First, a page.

Unfortunately the steam launch "Elegance" was unavailable as promised due to a refit and the day had to be rescheduled. After coffee we drove to the Pumping Station at the foot of the Dam, where we met Alan Burgess of S.W. Water, Energy Manager for the site. Alan gave a very interesting talk about the Company and how it fits into a larger group following privatisation. He gave details of the reservoir and its place in the total water supplies. Then we were taken on a tour of the station to see the pumps and the hydro-electric generators. Roadford Lake TunnelAn interesting part of the tour took us through an access tunnel under the dam and reservoir to the Valve Tower, where we faced a daunting climb of 140 steps to the top. It was worthwhile to see the magnificent view of the Lake and appreciate the scale of the works. Roger Christy, who organised the day, thanked Alan Burgess for his hospitality and then we adjourned for lunch in the Restaurant.

Steam Steering EngineAfter lunch, it was then on to Dingles Steam Village for a trip back to the days of our youth to see a magnificent collection of steam powered equipment. Besides the usual steam traction engines, there were some imeresting examples of how steam was used on board ships and in the factory. The ladies tried their hand at the power assisted rudder mechanism for a large ship and we all threw rocks into a crushing machine to make chippings. Finally we were able to inspect the "Elegance", which was on a trailer ready to be towed back to Roadford in a few days time.

There was an interesting collection of old road signs, which brought back memories of long car journeys with two impatient children in the back seat. The day ended with an excellent Devon cream tea with fresh baked scones and home-made jam.

John Gale & David Hutton

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Thirty four members and friends joined our visit to Hestercombe Gardens near Taunton on Saturday 3rd July. Our numbers at lunch at the Merry Monk beforehand were less than planned due to delays on the M5. Something to remember for future summer visits. Those who made it in time enjoyed the usual good food and conversation.

Hestercombe Gardens cover some 35 acres flanking a valley and using the natural water resource to good effect. The Gardens comprise of an extensive Georgian landscape, a Victorian Terrace and a formal Edwardian garden overlooking Taunton and the Tone Valley below. With the weather still dry, and sunny, many of us decided to do the hiking first and took the various routes depending upon fitness and energy) to explore the valley. The Landscape was originally created between 1750 and 1786 for the then owner Coplestone Warm Bampflyde and incorporated a series of wooded areas interspersed with follies. Our walk took us past the Pear Pond to the Great Cascade via a brick lined lent. Considerable clearance work bad recently been carried out with piles of cleared timber (much to the consternation of your Secretary!) giving the appearance of a landscape in transition - it would be interesting to go back in 5 years time! After a short climb the walk headed back towards the House passing a number of unusual follies. Until recently the Temple Arthur (c1775) was derelict, but has now been splendidly rebuilt and a Witch House restored, recreating the variety and interest of the original plans.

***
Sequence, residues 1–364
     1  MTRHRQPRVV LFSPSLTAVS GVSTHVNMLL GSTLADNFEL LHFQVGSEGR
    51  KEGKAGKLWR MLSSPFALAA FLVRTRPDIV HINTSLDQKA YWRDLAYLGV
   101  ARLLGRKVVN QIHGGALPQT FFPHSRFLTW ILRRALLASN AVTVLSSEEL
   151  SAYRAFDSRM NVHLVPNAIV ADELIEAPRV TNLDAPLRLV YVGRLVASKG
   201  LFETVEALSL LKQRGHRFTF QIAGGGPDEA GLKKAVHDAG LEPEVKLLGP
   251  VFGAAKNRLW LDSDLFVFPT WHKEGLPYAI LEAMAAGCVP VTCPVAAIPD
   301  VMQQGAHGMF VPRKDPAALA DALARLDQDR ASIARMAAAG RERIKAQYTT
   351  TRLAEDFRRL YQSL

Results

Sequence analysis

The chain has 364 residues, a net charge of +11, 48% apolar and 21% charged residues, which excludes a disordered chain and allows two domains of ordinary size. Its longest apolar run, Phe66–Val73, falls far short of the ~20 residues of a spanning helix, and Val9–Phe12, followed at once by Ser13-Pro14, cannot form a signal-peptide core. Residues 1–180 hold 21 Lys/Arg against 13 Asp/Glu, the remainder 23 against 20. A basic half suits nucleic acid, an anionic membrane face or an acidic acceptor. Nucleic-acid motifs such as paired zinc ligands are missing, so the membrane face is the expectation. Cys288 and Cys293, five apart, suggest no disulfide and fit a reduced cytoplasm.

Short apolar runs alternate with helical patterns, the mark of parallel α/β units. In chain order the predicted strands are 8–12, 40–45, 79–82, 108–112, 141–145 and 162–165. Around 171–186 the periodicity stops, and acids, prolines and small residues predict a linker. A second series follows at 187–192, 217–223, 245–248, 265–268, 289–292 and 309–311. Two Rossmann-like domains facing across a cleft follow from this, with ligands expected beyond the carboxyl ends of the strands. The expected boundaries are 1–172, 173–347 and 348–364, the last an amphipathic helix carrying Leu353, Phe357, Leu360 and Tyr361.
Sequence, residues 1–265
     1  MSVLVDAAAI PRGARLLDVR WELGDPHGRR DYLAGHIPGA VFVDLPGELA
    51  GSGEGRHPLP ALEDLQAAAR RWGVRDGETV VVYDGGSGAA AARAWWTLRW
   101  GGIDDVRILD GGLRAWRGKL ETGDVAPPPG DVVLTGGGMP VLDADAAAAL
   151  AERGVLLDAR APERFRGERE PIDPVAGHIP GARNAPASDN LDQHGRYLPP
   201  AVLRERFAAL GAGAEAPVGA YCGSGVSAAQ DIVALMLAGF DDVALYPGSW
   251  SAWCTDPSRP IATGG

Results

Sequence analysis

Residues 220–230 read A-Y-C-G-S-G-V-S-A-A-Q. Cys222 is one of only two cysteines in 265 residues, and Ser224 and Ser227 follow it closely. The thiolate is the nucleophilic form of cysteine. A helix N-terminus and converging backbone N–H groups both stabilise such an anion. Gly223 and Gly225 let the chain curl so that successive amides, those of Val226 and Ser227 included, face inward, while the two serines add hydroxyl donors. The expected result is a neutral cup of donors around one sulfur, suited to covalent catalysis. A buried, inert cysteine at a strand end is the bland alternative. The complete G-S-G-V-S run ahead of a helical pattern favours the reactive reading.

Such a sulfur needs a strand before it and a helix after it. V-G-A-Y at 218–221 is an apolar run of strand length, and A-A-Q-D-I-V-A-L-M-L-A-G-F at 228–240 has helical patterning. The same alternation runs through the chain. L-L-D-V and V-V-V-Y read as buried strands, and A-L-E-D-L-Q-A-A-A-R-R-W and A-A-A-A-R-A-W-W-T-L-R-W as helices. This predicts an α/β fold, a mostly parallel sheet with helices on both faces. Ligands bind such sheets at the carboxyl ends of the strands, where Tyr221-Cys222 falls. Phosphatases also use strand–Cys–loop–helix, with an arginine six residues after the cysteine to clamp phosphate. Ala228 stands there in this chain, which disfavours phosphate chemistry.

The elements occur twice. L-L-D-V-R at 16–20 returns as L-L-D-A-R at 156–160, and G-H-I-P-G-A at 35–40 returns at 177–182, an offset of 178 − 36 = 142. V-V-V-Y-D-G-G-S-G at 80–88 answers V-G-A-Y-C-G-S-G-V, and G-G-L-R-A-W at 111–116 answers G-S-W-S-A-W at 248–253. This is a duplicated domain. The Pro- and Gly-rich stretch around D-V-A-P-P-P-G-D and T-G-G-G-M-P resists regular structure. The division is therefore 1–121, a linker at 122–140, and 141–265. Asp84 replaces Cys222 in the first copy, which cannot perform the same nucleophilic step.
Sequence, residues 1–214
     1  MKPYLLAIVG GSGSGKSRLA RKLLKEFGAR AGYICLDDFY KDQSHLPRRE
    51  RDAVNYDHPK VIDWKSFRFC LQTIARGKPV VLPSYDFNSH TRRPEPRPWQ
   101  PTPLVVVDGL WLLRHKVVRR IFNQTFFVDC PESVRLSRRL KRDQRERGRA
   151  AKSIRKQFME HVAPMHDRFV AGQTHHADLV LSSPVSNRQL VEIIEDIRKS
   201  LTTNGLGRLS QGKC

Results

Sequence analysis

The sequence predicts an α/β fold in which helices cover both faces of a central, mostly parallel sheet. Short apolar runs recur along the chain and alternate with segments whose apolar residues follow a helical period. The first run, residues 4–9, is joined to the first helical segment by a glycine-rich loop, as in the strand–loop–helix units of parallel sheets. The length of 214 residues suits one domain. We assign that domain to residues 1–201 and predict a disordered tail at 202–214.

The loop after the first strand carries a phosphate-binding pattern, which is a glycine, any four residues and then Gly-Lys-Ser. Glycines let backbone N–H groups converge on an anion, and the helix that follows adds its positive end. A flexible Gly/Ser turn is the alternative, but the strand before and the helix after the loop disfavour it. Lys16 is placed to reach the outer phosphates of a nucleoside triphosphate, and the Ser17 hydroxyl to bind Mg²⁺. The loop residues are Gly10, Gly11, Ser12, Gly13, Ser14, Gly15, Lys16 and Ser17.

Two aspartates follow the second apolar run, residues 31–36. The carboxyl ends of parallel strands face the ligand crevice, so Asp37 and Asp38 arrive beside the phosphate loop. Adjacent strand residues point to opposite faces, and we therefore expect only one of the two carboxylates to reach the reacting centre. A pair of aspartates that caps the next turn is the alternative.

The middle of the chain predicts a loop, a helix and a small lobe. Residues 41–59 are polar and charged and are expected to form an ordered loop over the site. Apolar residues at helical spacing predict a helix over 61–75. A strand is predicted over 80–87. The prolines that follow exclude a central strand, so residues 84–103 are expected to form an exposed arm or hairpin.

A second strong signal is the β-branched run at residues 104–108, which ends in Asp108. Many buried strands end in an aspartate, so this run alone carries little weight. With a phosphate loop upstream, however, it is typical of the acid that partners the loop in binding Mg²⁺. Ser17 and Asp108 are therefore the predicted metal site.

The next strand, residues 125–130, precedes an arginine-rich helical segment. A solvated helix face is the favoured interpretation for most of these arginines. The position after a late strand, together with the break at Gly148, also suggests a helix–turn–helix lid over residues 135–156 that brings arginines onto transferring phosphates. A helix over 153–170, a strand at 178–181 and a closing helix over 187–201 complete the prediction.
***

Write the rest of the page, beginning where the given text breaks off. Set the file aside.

The Edwardian Garden close to the House was designed by Sir Edwin Lutyens and planted by Gertrude Jekyll from 1904. It is a magnificent creation within a formal network of paved water channels. The House is now home to the headquarters of Somerset County Fire Brigade. We were unable to explore the House to find out if any parts of the old hydro-electric generating station still exist. For those of us who were unable to join us on this delightful day and wish to visit, the Gardens Tel.No. is 01823 413923.

Barrie Phillips

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The owner of the Jamaica Inn, which incorporates two museums, John Watts, contacted member, Mike Wreford recently to ask him to identify a "machine" he had purchased.

The name P.Cutts, Sutton & Sons, Sheffield appears on its handle and Mike instantly recognised it as a Magneto-Electric machine often known as a "Faradic" machine used for medical purposes. The first practical machine of this type was made by M.Hippolyte of Paris in 1832, Soon after an improvement was made by Clarke of London, which is very similar to the one at Jamaica Inn. However the Clarke's machine had a vertical permanent horseshoe magnet, whereas Mr. Watts machine has a horizontal magnet.Cutts, Sutton Magneto-Electric Machine

When the coils arc rotated on top of the magnet, electric current is produced, which is fed to the two pillars and connected by wires to the brass handhold tubes. These machines were used to give an electric shock, which was supposed to have wide-ranging medical benefits in the 1870's from headaches, rheumatism, piles and muscle problems. This is but a precis of a long list of the supposed benefits.

Mike also included a copy of the advertisement showing two human bodies (back and front) with numbers illustrating parts of the body where one could place the contacts for best effect, If the patients found it disagreeable, then they were advised to use wet sponges between contact and the skin to obviate the pricking sensation!